25 g of fiber per day. Many hemorrhoidal symptoms resolve only when they are treated with dietary alterations, including increased fiber and the addition of fiber supplements. Antidiarrheal agents, toilet habit retraining, and stool softeners Antidiarrheal agents are sometimes required in patients with hemorrhoidal symptoms and loose stools. Toilet retraining involves reminding patients that the lavatory is not the library. Patients should sit on the toilet only long enough to evacuate the lower intestines. Persistent straining or prolonged sitting can lead to engorged hemorrhoids. Stool softeners play a limited role in the treatment of routine hemorrhoidal symptoms. Oral fiber intake and fiber supplements almost always cure constipation and straining. Suppositories, except for providing lubrication, also have a small role in the treatment of hemorrhoidal symptoms.
Topical agents Few high-quality data exist regarding the use of topical treatment in patients with hemorrhoids. Topical hydrocortisone can sometimes ease internal hemorrhoidal bleeding. It is important to consider the principles of steroid use and the associated side effects, such as mucosal atrophy. As such, the prolonged use of topical steroids should be avoided. Submucosal veins do not get smaller with anti-inflammatory medications. Topical nitroglycerine and nifedipine have also been used to relieve symptoms associated with anal sphincter spasm. These agents should also be used with caution because of associated side effects, such as hypotension. Good evidence suggests that high-fiber diets in particular help reduce severity and duration of symptoms. Nonsurgical techniques function by rubber band ligation, ablation, sclerosis, or necrosis of mucosal tissues.
Lord dilatation, in which the anal canal is manually stretched under anesthesia, is seldom used in the United States, and many colorectal surgeons condemn its use, because it is essentially an uncontrolled disruption of the sphincter mechanism. Rubber band ligation Rubber band ligation is the most-used remedy for grade II and grade III hemorrhoids and is the standard by which other methods are compared. This procedure is most common in the United States, because it is the most commonly taught method in training programs. With experience, many third-degree and some fourth-degree internal hemorrhoids can be treated nonoperatively. Blaisdell and Barron described and refined ligation therapy. A band ligature is passed through an anoscope and placed on the rectal mucosa proximal to the dentate line.
The tissue necroses and sloughs off in 1-2 weeks, leaving an ulcer that later fibroses. Necrotizing pelvic sepsis is a rare, but serious, complication of rubber band ligation. The diagnosis is suggested by the triad of severe pain, fever, and urinary retention. It occurs 1-2 weeks after ligation, frequently in immune-compromised patients, and requires prompt surgical debridement. Coagulation, electrocautery, and electrotherapy Infrared coagulation serves best for grades I and II and some grade III hemorrhoids. This method may be as effective as banding with fewer and less severe complications. Low-voltage direct current works best for higher-grade hemorrhoids. Low-voltage direct current requires grounding time and provides excellent control of pain.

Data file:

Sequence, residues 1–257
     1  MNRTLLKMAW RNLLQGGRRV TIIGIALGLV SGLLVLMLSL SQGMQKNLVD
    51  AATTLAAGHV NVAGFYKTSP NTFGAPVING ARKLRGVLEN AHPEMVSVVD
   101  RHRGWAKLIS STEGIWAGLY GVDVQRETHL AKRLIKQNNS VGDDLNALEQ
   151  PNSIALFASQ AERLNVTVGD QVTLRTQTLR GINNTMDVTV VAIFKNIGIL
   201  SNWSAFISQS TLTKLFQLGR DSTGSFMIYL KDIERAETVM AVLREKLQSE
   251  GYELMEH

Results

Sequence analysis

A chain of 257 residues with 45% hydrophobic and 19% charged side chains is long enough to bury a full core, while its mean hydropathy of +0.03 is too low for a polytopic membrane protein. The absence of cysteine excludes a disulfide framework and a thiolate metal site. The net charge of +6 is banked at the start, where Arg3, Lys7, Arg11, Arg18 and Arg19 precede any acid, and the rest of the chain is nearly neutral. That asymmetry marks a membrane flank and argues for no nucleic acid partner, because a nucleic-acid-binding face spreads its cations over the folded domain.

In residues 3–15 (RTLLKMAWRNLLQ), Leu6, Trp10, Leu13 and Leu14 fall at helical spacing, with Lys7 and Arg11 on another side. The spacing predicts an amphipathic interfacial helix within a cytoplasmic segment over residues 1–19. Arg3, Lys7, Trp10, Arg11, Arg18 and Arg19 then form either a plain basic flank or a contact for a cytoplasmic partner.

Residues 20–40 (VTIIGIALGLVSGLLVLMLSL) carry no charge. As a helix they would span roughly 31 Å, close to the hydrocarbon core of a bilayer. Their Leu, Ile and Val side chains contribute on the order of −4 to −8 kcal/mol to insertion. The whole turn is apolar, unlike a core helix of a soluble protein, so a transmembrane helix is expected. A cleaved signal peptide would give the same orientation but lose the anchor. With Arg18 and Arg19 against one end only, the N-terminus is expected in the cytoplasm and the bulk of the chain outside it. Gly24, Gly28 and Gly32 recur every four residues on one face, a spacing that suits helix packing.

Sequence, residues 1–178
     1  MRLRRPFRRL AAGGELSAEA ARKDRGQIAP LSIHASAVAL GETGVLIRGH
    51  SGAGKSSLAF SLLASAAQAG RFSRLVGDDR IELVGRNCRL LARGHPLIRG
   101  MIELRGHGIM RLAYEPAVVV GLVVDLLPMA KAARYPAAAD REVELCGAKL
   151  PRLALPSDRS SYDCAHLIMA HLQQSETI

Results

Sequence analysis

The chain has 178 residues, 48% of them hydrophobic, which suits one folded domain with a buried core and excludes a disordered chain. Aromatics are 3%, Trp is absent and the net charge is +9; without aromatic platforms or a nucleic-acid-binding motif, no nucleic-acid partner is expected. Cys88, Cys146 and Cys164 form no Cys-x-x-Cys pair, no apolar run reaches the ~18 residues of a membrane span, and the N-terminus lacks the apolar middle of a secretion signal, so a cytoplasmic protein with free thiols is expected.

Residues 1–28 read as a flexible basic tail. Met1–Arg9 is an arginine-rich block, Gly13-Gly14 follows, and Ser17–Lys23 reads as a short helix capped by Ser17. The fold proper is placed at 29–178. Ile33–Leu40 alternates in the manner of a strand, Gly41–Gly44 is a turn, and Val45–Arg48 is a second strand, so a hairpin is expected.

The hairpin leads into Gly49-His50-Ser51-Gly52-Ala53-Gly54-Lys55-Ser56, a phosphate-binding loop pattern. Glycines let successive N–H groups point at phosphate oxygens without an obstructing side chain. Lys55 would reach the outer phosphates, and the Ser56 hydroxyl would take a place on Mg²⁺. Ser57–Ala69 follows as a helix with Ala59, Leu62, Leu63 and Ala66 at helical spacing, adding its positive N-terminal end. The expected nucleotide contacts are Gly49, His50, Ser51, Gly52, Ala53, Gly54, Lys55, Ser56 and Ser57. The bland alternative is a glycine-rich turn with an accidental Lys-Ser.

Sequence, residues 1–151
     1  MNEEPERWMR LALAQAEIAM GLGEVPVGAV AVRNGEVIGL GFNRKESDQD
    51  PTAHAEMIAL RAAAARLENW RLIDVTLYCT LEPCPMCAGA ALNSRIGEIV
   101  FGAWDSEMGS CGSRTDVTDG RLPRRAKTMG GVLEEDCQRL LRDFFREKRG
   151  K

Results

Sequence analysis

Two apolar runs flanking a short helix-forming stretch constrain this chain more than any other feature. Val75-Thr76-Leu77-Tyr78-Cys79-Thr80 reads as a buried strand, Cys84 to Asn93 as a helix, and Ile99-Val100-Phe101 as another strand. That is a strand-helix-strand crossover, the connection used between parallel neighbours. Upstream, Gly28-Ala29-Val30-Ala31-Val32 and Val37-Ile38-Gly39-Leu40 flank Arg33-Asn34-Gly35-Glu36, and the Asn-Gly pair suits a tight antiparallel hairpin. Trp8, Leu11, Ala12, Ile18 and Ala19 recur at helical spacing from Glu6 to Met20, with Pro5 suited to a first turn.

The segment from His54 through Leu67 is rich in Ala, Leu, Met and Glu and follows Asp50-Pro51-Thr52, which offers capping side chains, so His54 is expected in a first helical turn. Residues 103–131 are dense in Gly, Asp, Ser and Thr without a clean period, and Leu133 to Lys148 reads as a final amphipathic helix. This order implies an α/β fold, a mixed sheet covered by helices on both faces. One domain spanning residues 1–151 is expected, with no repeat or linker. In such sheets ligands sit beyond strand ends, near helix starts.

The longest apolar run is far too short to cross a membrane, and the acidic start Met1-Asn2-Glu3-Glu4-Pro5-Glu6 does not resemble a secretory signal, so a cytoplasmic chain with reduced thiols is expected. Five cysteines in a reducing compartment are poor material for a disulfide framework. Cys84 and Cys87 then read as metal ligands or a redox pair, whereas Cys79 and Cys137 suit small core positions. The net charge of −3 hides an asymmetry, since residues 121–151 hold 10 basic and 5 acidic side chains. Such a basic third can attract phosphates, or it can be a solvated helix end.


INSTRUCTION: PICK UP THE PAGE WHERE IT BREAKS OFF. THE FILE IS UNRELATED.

Preliminary findings appear to indicate that the novel technique of retroflexed endoscopic monopolar coagulation of grade II-III internal hemorrhoids is safe and effective, and it may be seamlessly incorporated into the end of a colonoscopy for the evaluation of hematochezia. Sclerotherapy and cryotherapy Sclerotherapy can provide adequate treatment of early internal hemorrhoids. However, sclerotherapy and cryotherapy are infrequently used and generally reserved for grade I or II hemorrhoids. Although minimally invasive, these treatment methods have a higher rate of postprocedure pain. Impotence, urinary retention, and abscess formation have also been reported. Laser therapy and radiowave ablation Laser therapy is more costly and provides no advantage over other methods. Operators must control the laser to avoid bleeding. Radiowave ablation followed by suture ligation could prove to be a safe, cost-effective, and convenient way to treat prolapsing hemorrhoids.
When questioned, the patients are asymptomatic. Treat hemorrhoids only if they cause problems for the patient. Similarly, patients often ask when they should have surgery. Patients with ulcerative colitis can tolerate aggressive surgery if it is needed. Treat underlying acute disease before any elective anorectal surgery. Avoid aggressive treatment in patients with Crohn disease, especially if the rectal mucosa is acutely inflamed. Drain abscesses as soon as possible, despite active disease elsewhere. If necessary, operative hemorrhoidectomy is safe in pregnant women.